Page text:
Life at McMurdo

Antarctica attracts a diverse and talented group of people

January 21, 2014

Lynn Foshee Reed, a high school math teacher and Albert Einstein Fellow for NSF, shows TFK reporter David Bjerklie an aquarium.

Coldest, emptiest, iciest, awesomest. The continent of Antarctica deserves many superlatives. McMurdo Station, the largest of the three U.S. research bases, can claim a few superlatives of its own, including "most fascinating” small town on the planet.

A sign posted outside the dining hall at McMurdo tracks the exact number of people living there. During the summer months (November to February), McMurdo has a population of around 800 people. In the summer, the sun never sets and temperatures are often above zero and can sometimes reach 40° F. In the winter months, when temperatures plunge to -50° F and the sun never rises, the population is less than 200. Most residents stay for only part of the year, some spend two or three months, while others stay six months. A few spend the entire year. Many Antarcticans—as the most enthusiastic residents call themselves—come back year after year.

McMurdo Station, the American research base in Antarctica, operates around the clock.

McMurdo Station, the American research base in Antarctica, operates around the clock.

Many things make McMurdo a fascinating community. For starters, the scientific researchers, who study everything from penguins to meteorites to the tiny shrimp-like crustaceans called krill, are an amazing group. They are constantly adding to the wealth of knowledge about the continent and its creatures, as well as changes in climate and ocean ecosystems. But Antarctica also attracts a diverse and talented community of people who don't look through microscopes or collect specimens from the wild. Carpenters, cooks, and plumbers live at McMurdo. There are also cargo and fuel specialists, helicopter pilots, heavy-equipment mechanics, and logistics experts. Many people specialize in planning and coordinating the complicated schedules that keep everything running as smoothly as possible at the station. All these people share a deep desire to work and live in an environment that is both extreme and extraordinary.

It’s a 24-hour Town

While the scenery is breathtaking, don't expect to see gleaming buildings or beautiful architecture in McMurdo. The buildings are strictly functional and most look like industrial warehouses, garages, or storage trailers. It's impossible to tell from the outside what goes on in the inside of many buildings. Is that the laundry or the crafts room or the coffeehouse? McMurdo operates round the clock. Some people work during the day and others work during the night. Of course, in the summer, night looks the same as day. People live in dorms. Nothing fancy. On the doors of many rooms are signs that say "daysleeper," which lets neighbors know that this person works at night and sleeps during the day.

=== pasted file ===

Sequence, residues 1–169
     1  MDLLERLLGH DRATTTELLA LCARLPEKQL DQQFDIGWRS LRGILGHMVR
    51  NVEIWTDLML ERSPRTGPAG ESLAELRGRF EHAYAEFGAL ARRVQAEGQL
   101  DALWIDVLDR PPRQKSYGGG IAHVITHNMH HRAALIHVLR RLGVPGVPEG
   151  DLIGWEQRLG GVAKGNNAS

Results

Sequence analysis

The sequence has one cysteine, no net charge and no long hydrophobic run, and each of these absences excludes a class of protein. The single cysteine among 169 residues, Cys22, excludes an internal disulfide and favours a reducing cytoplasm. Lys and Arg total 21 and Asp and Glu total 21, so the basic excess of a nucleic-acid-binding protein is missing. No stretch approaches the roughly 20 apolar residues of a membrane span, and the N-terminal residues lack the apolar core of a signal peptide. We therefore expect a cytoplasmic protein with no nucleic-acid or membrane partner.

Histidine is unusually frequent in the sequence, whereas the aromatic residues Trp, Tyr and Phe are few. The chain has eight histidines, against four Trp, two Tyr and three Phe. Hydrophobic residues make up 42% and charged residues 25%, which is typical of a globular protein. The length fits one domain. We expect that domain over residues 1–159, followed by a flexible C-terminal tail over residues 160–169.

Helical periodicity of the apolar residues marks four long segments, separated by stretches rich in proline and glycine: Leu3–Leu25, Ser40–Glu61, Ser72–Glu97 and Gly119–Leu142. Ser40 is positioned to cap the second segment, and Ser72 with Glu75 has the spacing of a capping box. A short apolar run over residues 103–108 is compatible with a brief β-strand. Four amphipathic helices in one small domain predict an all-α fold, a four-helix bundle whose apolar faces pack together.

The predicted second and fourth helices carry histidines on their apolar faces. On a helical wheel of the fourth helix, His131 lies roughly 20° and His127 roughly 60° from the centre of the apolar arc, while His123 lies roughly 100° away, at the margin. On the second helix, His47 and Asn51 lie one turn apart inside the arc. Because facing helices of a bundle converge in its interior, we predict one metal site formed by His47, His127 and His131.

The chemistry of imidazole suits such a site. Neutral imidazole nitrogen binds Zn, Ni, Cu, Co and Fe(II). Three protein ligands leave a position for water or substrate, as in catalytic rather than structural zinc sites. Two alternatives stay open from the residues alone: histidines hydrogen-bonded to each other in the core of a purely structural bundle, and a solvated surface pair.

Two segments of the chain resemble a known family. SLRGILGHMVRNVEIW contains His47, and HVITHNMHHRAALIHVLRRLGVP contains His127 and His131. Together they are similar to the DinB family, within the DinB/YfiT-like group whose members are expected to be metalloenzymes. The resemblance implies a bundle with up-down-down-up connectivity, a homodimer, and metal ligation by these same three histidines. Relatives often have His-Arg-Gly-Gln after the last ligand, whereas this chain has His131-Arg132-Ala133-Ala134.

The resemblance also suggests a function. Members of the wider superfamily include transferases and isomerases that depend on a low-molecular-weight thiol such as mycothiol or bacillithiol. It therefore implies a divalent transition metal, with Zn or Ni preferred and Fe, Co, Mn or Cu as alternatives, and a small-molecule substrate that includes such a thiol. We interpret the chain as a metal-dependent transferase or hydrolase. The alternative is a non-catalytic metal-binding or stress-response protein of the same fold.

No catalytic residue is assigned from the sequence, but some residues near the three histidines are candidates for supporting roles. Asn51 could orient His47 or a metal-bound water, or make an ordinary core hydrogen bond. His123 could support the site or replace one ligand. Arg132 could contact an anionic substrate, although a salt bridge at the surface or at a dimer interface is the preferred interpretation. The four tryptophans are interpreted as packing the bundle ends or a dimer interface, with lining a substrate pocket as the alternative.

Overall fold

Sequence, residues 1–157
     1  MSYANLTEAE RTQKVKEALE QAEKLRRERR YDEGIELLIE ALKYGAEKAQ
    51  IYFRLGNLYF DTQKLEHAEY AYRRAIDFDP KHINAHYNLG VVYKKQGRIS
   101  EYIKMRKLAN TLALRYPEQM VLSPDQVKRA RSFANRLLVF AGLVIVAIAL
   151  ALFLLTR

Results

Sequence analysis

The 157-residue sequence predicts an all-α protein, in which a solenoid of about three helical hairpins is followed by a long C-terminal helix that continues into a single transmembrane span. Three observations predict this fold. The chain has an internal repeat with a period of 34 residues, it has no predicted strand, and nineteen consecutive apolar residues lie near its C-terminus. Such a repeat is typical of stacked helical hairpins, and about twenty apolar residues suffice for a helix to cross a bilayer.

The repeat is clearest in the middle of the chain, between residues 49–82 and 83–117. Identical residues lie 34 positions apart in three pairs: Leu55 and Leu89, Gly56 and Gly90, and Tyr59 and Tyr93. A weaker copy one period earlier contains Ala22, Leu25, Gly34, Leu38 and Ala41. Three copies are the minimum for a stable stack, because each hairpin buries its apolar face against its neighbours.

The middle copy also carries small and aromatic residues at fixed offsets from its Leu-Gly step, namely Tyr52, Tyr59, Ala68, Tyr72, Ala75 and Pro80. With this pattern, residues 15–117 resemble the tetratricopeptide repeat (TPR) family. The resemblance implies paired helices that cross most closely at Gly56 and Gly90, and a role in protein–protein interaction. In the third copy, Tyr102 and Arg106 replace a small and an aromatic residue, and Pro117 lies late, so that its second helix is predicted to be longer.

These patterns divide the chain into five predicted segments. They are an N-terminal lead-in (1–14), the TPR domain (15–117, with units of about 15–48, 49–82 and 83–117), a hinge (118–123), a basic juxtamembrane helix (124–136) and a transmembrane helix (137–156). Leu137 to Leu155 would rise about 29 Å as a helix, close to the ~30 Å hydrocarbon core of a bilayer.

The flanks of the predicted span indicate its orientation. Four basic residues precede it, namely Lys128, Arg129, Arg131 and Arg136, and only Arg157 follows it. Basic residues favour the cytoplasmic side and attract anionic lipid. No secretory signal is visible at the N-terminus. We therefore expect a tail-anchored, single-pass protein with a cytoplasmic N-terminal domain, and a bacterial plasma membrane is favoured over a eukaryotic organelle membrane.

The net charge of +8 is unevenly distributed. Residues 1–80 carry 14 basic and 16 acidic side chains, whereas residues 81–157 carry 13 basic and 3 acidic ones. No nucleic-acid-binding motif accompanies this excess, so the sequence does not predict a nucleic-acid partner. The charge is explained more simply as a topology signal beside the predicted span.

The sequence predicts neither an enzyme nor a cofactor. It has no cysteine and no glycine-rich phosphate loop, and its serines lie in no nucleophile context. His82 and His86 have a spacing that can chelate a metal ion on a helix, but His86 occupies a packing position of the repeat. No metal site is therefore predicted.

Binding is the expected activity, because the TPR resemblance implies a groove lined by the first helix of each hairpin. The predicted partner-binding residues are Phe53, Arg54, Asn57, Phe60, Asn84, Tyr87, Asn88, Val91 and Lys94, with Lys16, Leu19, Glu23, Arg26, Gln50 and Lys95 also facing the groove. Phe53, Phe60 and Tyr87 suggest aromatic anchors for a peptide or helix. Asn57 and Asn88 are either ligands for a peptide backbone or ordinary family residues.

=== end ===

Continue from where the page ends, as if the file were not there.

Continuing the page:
Skiiers finish a marathon on the Antarctic ice.

Skiiers finish a marathon on the Antarctic ice.

Hard work and respect for each other and the environment are standard. But resourcefulness and imagination seem to be as well. Just in the few days that I've been here, McMurdo has featured its annual art show, the McMurdo Alternative Art Gallery, and thrown a huge party with a terrific live band. That same night, an enthusiastic group raised more than $2,000 for charity by auctioning off the right to creatively shave off the beards or mustaches of hairy volunteers. The next morning, McMurdo hosted its marathon, for runners as well as skiers. The participants circled out to one of the runways and back. The research base also hosts regular science lectures as well as recreation and sporting events.

Being at McMurdo and writing about science and life on the ice for readers of TFK is a once-in-a-lifetime privilege for me. For so many people here, however, it is a way of life. Some researchers have been coming to Antarctica for 20 or 30 years! There are a great many people in a wide range of jobs, however, who count their "ice time"—that’s the amount of time they have spent on the continent—in decades. No wonder people consider McMurdo home and are fiercely proud to be Antarcticans.

In tomorrow’s post, I tell you how the base manages energy, water, and waste, as well as how it gets supplies and takes care of the needs of the people who live and work there.

David Bjerklie is filing reports while traveling to Antarctica with the National Science Foundation. Track his progress and learn all about the icy continent at TFK’s Antarctica Mini-Site.

To see a live web broadcast on January 23, teachers and parents can join the TFK community at All participants will receive printable worksheets with maps, time lines, and more.

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